Building your credit from scratch can be a catch-22. It can be hard to get approved for a loan if you don’t have a credit history — and you can’t build up a credit history if you’ve never been approved for a loan. Thankfully, there are things you can do to avoid this vicious cycle and build your credit from the ground up.
Apply for Secured Credit Card
If you do not have a good enough credit score to qualify for a traditional credit card yet, you can start building credit with a secured credit card. A secured credit card is backed by your cash deposit, which is also typically the amount of your credit limit. The deposit is refundable when you close the account. The card then works like any other traditional credit card. You can use it to make purchases and then pay the balance each month or incur interest on any unpaid balances.
The purpose of a secured card is to prove your responsibility with credit, so it is important to pay the balance on time and in full each month. Once you build up your credit score to the 630-689 range, you may be able to qualify for a traditional credit card that has lower interest rates and doesn’t require a deposit.
When shopping for a secured card, look for the one with the lowest annual fees and interest rates. Also, be on the lookout for one that reports to all three credit reporting agencies – Equifax, Experian, and TransUnion– so your credit report will reflect your history of responsibility. You can find out more about each company’s credit reporting practices online or by calling the credit card company.
Get a Credit-Builder Loan
If you’re not able to qualify for a loan because you have no credit history, consider a credit-builder loan, which was created for this very purpose. Credit unions and community banks typically offer credit-builder loans to help people build up their credit.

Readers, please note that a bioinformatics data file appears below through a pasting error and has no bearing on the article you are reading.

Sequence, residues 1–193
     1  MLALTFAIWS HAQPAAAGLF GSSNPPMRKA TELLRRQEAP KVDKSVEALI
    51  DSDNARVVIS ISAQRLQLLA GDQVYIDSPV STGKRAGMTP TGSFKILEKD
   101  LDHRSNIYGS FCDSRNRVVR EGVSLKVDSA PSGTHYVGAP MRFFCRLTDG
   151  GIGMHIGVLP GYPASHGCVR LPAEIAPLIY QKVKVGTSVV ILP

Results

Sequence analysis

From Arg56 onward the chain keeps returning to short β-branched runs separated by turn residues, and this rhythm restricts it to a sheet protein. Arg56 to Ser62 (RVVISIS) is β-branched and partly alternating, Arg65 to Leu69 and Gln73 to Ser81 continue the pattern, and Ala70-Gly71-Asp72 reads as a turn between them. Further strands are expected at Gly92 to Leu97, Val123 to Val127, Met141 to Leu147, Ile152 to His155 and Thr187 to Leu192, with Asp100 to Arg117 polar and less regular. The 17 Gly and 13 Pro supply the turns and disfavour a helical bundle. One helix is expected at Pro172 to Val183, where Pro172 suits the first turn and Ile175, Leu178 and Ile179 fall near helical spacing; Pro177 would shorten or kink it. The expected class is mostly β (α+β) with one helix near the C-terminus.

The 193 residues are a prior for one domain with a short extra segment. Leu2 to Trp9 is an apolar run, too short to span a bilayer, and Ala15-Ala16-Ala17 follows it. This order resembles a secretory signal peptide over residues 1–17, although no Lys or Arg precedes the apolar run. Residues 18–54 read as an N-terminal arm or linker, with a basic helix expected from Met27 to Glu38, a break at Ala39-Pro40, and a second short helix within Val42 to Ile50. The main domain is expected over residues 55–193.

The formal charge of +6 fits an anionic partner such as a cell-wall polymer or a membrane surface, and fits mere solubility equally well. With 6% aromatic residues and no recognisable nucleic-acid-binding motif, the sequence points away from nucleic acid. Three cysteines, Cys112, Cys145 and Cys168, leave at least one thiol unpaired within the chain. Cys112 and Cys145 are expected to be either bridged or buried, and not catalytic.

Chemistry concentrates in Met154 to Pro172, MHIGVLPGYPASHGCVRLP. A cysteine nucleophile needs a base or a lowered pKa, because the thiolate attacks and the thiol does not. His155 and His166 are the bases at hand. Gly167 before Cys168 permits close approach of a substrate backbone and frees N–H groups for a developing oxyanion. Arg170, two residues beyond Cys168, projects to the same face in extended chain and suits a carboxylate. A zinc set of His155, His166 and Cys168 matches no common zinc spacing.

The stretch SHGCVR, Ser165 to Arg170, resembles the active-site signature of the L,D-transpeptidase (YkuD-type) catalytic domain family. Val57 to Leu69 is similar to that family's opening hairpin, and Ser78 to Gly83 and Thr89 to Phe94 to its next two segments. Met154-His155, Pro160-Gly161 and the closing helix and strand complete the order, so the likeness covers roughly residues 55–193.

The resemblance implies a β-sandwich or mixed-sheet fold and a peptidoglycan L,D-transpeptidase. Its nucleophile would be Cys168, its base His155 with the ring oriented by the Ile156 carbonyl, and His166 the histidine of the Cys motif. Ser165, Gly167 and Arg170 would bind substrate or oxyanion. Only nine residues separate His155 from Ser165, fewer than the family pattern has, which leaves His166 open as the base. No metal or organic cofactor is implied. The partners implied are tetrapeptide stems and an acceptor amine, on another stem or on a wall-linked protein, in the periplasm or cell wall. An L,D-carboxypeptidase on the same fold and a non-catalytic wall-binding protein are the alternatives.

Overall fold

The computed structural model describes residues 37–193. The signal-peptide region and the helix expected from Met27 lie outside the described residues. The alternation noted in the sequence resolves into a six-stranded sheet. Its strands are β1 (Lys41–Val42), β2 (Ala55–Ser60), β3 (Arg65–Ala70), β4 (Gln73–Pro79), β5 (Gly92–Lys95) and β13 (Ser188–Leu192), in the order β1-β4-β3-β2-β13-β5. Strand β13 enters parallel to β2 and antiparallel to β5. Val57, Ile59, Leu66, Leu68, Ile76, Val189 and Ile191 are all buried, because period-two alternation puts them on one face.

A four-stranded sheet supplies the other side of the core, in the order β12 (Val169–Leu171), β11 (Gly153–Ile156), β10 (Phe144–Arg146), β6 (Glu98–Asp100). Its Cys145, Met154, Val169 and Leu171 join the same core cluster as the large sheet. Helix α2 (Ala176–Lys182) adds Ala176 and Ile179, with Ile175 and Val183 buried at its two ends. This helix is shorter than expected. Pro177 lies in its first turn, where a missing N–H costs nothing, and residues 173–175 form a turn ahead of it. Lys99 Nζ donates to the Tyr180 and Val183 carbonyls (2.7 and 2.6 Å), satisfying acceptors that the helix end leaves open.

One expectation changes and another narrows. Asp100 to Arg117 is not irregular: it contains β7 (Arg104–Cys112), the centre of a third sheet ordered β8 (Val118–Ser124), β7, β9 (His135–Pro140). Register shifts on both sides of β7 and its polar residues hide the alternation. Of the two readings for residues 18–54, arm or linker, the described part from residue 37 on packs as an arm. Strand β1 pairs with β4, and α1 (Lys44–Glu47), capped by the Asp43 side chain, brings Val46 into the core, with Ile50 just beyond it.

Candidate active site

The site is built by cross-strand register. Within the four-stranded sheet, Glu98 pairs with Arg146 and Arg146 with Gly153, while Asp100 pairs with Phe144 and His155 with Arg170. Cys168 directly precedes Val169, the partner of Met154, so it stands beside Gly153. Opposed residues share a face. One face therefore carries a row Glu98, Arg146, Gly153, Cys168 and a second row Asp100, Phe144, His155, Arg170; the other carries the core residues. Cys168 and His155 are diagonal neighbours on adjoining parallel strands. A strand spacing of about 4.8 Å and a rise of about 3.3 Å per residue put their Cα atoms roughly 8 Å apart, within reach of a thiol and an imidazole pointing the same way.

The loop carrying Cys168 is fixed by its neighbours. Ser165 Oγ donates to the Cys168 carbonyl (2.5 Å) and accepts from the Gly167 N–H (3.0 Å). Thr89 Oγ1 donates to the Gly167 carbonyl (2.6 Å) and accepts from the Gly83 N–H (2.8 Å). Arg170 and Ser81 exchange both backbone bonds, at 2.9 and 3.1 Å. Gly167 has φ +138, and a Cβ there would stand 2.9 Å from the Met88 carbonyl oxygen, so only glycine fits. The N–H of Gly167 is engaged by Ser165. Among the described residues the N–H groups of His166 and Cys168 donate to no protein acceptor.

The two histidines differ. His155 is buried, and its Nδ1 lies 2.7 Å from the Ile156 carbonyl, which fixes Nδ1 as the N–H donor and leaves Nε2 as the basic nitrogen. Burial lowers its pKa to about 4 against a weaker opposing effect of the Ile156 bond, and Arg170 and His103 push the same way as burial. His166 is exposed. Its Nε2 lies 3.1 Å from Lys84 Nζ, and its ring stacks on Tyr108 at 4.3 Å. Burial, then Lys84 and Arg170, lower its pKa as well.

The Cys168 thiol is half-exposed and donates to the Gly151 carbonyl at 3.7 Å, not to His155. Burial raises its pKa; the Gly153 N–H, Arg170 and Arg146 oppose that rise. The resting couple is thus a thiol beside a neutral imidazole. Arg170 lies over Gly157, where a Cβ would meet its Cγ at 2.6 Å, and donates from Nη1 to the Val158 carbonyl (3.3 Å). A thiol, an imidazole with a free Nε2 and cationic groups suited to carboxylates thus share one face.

Credit-builder loans work differently from a traditional loan. When you apply for a credit-builder loan, you may pay a small administrative fee. Once approved for a loan, which typically ranges from $300-$1000, the bank will open a savings account in the amount of the loan. Some lenders offer interest-bearing savings accounts. You will make loan and interest payments to the bank, usually over a period of 6 to 24 months. Once the loan is paid in full, you can withdraw the funds.
The banks report your payment history and balance to the credit reporting bureaus to help build your credit history and a healthy credit score so you can qualify for traditional financing in the future. Look for a credit-builder loan with the lowest origination fees and interest rates, payments and terms you can afford and that reports to all three credit bureaus.
Become an Authorized User
If you have a close friend or family member who is a long-time and responsible user of credit and is willing to add you as an authorized user on their credit card account, this move could benefit your credit history. As an authorized user, your name is on the account, and you will receive a card in your name — although you do not have to use the card or even have it in your possession.
The primary cardholder is responsible for making the payments, so be prepared to discuss payment arrangements for any purchases you make. Also, since the purpose of becoming an authorized user is to build your credit, make sure the credit card issuer reports the account to all three credit bureaus. While most major credit card issuers report to all three credit agencies, call and ask if you are unsure.